The research and practice of coaching in the United States suffers from something I see too often in many other areas of business research and practice. As Americans, perhaps we are too ethnocentric for our own good.
Leaders insulate themselves by limiting their study almost exclusively to U.S. institutions, companies and authors.
Recently, Europe’s largest HR and professional development organization (over 135,000 members) completed a 2 year study entitled “Shaping the Future” (Research Lead: Dr. Jill Miller).
This study was not only extremely well researched, but the ten conclusions are superb insights for those who are in positions of leadership where they are responsible for sustained performance.
So, forget for a moment that “organisational” is spelled differently. This study is relevant to your business.
Here are the ten points, directly quoted from the study:
1. The organisation change response needs to be truly agile and enduring, not a knee-jerk reaction that quickly dissipates: Organisations need to ensure change isn’t just a temporary break from the norm, maintained by employees only while the immediate “storm” is passing. Instead, change should manifest itself as a more proactive agility, creating organisations open to new directions, aware of the limitations and risks of not changing, and equipped to keep moving and adapting.
2. It’s a fine balance between alignment and flexibility: While aligning employee, customer and other stakeholders’ values, behaviours and objectives with a wider organisational purpose is important, over-focusing on this alignment can create barriers to the flexibility needed to enable the organisation to change.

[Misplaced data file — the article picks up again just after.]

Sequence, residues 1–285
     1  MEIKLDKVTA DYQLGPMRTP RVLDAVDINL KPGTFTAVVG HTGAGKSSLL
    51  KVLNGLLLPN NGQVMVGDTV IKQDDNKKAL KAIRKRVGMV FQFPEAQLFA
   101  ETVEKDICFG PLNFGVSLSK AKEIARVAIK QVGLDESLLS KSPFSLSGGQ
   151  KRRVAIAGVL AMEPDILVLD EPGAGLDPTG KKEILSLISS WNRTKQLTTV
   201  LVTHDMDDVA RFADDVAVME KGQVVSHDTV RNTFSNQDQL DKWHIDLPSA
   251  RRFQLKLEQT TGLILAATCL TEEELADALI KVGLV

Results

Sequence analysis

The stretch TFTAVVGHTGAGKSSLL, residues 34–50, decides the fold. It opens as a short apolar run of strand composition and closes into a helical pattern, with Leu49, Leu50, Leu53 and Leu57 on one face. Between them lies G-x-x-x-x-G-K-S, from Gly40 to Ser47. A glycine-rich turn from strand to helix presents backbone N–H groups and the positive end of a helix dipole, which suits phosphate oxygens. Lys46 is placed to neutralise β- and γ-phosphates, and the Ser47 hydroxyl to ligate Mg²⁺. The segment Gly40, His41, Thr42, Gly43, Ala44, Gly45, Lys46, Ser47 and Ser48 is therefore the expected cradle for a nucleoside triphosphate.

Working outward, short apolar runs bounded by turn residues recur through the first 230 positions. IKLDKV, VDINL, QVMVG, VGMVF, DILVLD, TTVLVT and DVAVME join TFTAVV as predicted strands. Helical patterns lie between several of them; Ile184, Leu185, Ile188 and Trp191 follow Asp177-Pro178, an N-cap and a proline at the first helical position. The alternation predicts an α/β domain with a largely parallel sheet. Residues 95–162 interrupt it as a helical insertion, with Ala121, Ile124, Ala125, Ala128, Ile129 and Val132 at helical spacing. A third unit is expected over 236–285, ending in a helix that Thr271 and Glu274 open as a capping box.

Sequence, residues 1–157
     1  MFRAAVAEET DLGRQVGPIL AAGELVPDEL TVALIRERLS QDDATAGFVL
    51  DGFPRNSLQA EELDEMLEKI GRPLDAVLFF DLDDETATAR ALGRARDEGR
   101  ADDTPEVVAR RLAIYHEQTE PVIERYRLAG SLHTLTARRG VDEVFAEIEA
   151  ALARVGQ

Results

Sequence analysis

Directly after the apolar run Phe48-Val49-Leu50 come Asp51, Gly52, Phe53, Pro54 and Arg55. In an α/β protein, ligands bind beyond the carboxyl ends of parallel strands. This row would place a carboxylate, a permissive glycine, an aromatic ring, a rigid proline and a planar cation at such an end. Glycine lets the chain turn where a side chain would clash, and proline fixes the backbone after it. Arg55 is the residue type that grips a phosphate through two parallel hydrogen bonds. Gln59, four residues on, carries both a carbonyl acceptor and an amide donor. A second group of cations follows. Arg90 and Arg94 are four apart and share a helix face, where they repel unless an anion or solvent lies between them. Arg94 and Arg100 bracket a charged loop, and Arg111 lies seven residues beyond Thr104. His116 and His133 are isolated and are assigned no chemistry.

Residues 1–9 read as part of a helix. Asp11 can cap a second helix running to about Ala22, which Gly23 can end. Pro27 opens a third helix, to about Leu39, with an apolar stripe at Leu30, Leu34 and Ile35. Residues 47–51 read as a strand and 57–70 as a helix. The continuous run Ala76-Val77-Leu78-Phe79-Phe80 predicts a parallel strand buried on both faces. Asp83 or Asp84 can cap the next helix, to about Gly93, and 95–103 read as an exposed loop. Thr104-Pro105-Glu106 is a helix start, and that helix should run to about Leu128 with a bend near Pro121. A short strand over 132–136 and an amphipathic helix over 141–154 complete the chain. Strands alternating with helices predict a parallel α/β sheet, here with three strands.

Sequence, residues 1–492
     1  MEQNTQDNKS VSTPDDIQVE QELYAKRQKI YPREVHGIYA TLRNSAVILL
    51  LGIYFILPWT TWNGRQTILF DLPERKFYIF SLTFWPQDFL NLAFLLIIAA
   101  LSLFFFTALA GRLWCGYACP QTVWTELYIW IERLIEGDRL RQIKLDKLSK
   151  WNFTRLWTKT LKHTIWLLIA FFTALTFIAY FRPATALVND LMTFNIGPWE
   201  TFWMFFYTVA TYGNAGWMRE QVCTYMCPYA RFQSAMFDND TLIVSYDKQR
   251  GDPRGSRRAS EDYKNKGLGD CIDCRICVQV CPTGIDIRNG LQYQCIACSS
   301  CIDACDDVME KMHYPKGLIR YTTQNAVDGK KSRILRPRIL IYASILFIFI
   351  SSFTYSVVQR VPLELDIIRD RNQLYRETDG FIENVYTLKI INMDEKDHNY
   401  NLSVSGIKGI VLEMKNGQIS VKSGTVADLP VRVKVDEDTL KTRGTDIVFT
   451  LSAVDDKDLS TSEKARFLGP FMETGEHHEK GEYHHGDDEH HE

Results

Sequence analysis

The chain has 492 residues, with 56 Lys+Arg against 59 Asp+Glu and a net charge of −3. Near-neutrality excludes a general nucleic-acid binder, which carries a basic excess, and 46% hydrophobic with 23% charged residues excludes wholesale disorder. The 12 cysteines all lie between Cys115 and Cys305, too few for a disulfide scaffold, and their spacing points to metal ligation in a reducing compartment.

3. Shared purpose can only be achieved by finding human connections beyond short-term profit or efficiency targets: By fostering amongst employees a genuine sense of shared purpose and meaning at work, stronger connections, engagement and performance can be delivered.
4. Collaborative leadership brings sustainability, so organisations should avoid defaulting to a directive and driven approach to leadership in tough times: Reinforcing a collaborative problem-sharing approach can drive longer-term, sustainable change, agility and engagement.
5. ‘Middle management’ have a valuable transforming and translating role but are often sidelined, bypassed or cut out in change processes: Suitably skilled middle managers can play a key role as transformers and translators in bringing change to life. As translators they can facilitate two-way communications between leaders and the front line and as transformers they can bring change to life. Much of this can be lost when change involves “delayering” this middle-management tier, rather than refocusing, retraining and drawing on their skills and experiences.
6. An over-focus on today’s needs is not true talent management; it’s talent tunnel vision: Identifying and developing the capabilities individuals will need in the long-term is crucial to meet the organisational imperatives of tomorrow.
7. Truly understanding employees’ locus of engagement can avoid the risk of over-attachment and underperformance: Organisations need to get under the surface of employees’ engagement and better understand whether they are truly engaged with the organisation and its core objectives, or if they are only engaged with some selected parts of their roles, or with individual managers and colleagues. This more selective engagement can undermine sustainable performance.
8. Perceptions of unfairness undermine employee engagement: Perceptions of unfairness or organisational injustice can stifle employee engagement and act as a blocker to performance.
9. Process-heavy organisations are often still insight-light: Overemphasis on backward-looking targets defends existence but doesn’t prove worth. Organisations need to cull data that doesn’t add value and be curious with the remainder to uncover real insight.
10. Leaders don’t always know best about the long-term vision: Effective mechanisms for upwards communication – that filter important signals from the ground from the background noise – can provide real insight and challenge for leaders, and inform longer-term planning.
There are many ways to bring benefit to your organization through the use of these insights.
Please consider how you can make use of these points within your own company. I want to encourage to think beyond the obvious and make some creative applications.
Then, please share your discoveries with me and the readers of this blog!